CliqueClack TV

My generation will like My Generation, but will yours?

ABC's 'My Generation' has a premise that some people are going to connect with immediately. Unfortunately, for viewers that aren't a part of said generation, identifying with the characters is going to be a challenge.

ABC’s My Generation has presented a quandary for me. During my summer previews, it was high on my list, if for no other reason than the tongue-in-cheek post we did on its announcement. Mainly though, it is because the show covers my generation. Plus or minus a couple of years (my ten year reunion was in 2008), but myself and my peers are going though many of the same challenges, obstacles, and highlights that the characters on the show were facing. I saw the pilot early this summer, but needed some time to think on it. Now that I’ve seen the aired version, I’m not entirely sure what to think.

I liked the premiere. I connected with the characters, especially watching how the events of the last ten years, both global and personal, have altered the course of their lives. I’m not sure, if I could pull back the curtain to my graduation day, that I could even begin tell you where I wanted to be today. I do know, however, that wherever that mythical, hypothetical place is, I’m not there. Neither are any of My Generation‘s characters. It isn’t all bad news, but neither is it all good. As the narrative brings these characters back together, it is obvious, though, that the focus will be on regrets, and the road not taken. And that path, unfortunately, will be the downfall of the show.

While I’m sure we will eventually see some positivity, the first hour focused on the negative. A teacher whose biggest dream was to have a family is infertile; a marriage about to be thrown off course with the return of two ex’s. These stories, however, aren’t the only to be told, and hopefully won’t be the only told. I think the eventual lesson of My Generation is going to be that life doesn’t always turn out how we expect, and many things will change along the way, but those changes are just as often for the better as they are for the worse.

Unfortunately, though, I doubt we’ll ever find out. Thursday’s ratings were rough. Very rough. 5.22m viewers, and a 1.6 in the demo. Not a good thing for a show starting out. Unless things change quickly, I doubt we’ll ever see how, or if, these stories are sorted out.

I did, though, check out My Generation‘s iPad App during the premiere. It was a pretty neat experience, one that I hope ABC and other networks take better advantage of moving forward. It uses audio cues (that the human ear can’t pick up on) to sync the information content and polls available in the app with the episode as you watch it. It sort of created some of the social feel of our LiveClacks, but unfortunately without the uncensored Clique with our big voices. The experience wasn’t completely without some syncing challenges, but it was successful enough (for this user), that I expect we’ll see more of these in the future.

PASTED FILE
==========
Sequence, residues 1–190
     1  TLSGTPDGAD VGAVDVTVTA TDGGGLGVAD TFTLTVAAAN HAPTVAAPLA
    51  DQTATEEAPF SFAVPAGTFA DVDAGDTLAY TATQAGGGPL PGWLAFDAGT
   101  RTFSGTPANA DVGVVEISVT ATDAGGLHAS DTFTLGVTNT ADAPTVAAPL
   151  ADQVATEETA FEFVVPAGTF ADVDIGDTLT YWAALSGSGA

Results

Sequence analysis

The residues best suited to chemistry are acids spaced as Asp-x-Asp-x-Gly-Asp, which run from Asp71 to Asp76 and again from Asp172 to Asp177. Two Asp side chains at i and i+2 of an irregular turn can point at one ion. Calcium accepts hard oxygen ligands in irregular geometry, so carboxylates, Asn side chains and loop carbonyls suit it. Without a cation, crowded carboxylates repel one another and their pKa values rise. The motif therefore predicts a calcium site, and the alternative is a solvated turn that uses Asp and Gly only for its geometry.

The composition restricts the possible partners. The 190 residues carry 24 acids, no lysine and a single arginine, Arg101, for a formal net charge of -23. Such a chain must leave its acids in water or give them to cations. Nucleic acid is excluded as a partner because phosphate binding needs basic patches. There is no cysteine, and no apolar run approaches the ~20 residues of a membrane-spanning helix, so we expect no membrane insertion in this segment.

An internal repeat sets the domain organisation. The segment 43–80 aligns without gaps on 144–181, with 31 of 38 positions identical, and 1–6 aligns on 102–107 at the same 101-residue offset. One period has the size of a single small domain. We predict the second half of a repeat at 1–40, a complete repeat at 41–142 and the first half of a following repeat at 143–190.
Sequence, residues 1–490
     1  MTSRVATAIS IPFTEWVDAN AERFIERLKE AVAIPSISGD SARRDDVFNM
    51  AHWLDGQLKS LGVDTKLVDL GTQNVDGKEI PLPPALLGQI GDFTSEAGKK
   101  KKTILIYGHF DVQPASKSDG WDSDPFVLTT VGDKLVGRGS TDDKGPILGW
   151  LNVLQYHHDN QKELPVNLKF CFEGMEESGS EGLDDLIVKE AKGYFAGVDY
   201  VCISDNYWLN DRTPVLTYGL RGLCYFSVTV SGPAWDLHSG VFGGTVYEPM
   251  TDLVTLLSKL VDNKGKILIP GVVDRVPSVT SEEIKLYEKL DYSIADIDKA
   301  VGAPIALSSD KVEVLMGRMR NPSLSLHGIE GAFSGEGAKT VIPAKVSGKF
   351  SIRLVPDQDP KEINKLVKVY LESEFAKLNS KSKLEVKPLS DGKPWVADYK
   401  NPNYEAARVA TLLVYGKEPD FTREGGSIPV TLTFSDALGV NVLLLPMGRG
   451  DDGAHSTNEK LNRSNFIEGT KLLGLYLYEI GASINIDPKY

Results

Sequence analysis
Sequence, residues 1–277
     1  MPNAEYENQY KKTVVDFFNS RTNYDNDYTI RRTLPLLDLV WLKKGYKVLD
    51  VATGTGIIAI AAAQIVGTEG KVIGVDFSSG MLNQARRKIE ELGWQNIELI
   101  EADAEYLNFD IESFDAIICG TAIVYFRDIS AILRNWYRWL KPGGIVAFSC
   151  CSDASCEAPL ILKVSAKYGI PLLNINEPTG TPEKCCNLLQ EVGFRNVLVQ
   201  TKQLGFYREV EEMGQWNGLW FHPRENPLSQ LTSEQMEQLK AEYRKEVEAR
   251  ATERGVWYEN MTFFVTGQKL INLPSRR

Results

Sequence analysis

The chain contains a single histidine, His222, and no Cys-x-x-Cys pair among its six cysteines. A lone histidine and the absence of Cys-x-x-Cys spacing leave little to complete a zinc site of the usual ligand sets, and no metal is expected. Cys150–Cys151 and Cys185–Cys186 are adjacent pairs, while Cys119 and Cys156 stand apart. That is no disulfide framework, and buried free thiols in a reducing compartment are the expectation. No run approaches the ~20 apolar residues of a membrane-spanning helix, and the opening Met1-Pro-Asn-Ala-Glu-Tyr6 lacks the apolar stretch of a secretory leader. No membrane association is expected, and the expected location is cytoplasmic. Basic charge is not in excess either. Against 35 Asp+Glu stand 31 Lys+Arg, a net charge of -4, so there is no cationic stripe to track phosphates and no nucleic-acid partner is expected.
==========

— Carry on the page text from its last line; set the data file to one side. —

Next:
Photo Credit: ABC

Categories: | Clack | Episode Reviews | Features | General | TV Shows |

5 Responses to “My generation will like My Generation, but will yours?”

September 27, 2010 at 1:22 PM

I made it to the moment when the nerd got asked if he was the father and had already skipped over the wine tasting.

This show is horrible. I wanted to poke my eyes out with pencils at that point, and turned it off.

Unbearably slow storytelling, bland characters, and honestly: what’s the catch anyway? That this happened right after I left highschool (or better Oberstufe, that’s what it’s called here). I know what happened and I’m not in a midlife crisis, and I never asked myself what would’ve happened if. This sort of thing, like all the teenage Angst and the groupbuilding in highschool, what people are going to be – that’s so absolutely american… I don’t understand it. Everyone tries to tell you what you should be, what you are and what you will never be… groups, clubs, and the job councelor – we don’t have anything like that over he. For a country that has “You can be president” as it’s mantra, that you can be anything you want as long as you work hard, this putting each other in boxes is so immanent… I guess that’s why this show is lost on me.

We have other flaws in the system over here though, mind you. In the US, you can simply fail, dust yourself off, and try again (with another company). Once you failed over here, you are marked as a failure forever. And the need to look down on people is enormous here. You know… Schadenfreude.

But I wouldn’t want to watch a show about failure either so…

September 27, 2010 at 11:49 PM

Just because you can’t connect with a show, doesn’t mean it is horrible.

September 28, 2010 at 12:31 AM

No. The horrible dtorytelling and bland characters helped.

September 27, 2010 at 2:57 PM

I connected with the show only because it’s my exact generation, but i don’t think that will happened with the rest of the people. Nice road to memory lane. :)

September 27, 2010 at 5:34 PM

As long as a show is entertaining, it would not matter what period of life or generation it is in. And ratings can be such a capricious entity.

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